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This Is America? Men Tortured in Solitary for Having the Wrong Tattoo or Political Books

The only evidence needed to get someone thrown in solitary is a tattoo, letter, photo or piece of political material.

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At the time the case had been brought to court in 1993, Pelican Bay had only been operating for four years. The judge may not have imagined that some of the plaintiffs who had been held for the entirety of those four years would remain in solitary confinement for another 20 years and counting.

Legislative Hearings

Last summer, 30,000 inmates across the California’s prisons launched the largest hunger strike in the state's history, lasting 60 days and causing the death of one man. 

Prisoners only resumed eating after the State Assembly and Senate agreed to hold legislative hearings to address what they said could “no longer be ignored."

At the first hearing held on 9 October, Assemblyman Tom Ammiano, chair of the Assembly's Public Safety Committee, promised that, “I don't want lip service. I want real testimony from those who are the most concerned, and if necessary, I want legislation from these hearings.”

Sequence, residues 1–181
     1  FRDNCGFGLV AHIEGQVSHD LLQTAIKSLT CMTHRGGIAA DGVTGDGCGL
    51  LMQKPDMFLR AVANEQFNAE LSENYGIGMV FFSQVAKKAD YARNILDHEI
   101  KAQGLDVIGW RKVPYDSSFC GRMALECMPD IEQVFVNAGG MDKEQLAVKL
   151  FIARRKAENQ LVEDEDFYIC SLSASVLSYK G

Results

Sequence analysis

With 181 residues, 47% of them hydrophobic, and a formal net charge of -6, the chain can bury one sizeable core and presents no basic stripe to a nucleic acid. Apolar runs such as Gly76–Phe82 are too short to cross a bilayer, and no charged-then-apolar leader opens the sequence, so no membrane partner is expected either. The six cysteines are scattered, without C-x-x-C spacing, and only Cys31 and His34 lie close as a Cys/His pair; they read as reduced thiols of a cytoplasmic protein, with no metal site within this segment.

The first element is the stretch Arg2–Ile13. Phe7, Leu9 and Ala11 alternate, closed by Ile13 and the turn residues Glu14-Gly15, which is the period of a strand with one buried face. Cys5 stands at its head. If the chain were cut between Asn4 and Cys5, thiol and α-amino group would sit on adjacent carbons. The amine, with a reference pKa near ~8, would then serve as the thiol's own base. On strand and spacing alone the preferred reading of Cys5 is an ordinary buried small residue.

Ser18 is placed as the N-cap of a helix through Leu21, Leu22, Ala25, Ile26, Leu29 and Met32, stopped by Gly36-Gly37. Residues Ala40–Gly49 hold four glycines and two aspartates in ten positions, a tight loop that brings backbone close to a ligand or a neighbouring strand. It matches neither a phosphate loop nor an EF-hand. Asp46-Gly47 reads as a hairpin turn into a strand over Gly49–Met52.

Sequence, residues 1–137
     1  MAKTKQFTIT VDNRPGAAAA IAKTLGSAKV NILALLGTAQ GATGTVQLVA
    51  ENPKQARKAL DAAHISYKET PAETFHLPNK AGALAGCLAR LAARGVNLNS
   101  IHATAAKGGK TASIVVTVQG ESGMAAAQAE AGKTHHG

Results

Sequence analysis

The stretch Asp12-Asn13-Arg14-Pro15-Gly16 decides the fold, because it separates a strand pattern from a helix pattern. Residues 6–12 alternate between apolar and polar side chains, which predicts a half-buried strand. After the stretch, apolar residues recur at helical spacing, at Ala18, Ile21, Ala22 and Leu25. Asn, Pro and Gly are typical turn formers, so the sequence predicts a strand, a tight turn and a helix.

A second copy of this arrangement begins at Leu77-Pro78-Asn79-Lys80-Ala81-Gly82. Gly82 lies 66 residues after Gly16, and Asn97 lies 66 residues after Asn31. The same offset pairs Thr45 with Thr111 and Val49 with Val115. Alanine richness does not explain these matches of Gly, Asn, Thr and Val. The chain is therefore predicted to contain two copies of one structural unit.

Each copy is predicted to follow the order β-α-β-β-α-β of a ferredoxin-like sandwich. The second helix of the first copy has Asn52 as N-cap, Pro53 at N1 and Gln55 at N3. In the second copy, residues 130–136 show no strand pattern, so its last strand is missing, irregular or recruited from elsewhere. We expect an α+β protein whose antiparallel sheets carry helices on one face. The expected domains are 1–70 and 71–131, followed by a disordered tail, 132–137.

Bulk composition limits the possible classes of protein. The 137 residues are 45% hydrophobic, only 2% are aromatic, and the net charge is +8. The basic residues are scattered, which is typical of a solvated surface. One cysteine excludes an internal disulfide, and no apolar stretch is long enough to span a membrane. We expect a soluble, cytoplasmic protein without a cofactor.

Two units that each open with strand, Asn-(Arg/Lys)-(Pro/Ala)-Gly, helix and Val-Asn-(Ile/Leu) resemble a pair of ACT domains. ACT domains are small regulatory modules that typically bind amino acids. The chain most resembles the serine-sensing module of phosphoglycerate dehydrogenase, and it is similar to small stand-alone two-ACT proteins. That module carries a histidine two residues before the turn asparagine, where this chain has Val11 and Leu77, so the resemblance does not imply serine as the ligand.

Weills and Reiter are hopeful that the legislature is finally paying attention and expect the hearings to produce a tangible outcome that may reform the practice of solitary confinement in California's prisons.

It appears that if genuine reform is indeed on the horizon, it will have been pushed through by the unlikely figures that disappeared into the dark hole of a small concrete cell.

Charlotte Silver is an independent journalist based in San Francisco. She writes for Al Jazeera English, Inter Press Service, Truthout, the Electronic Intifada and other publications. Follow her on Twitter @CharESilver.
 
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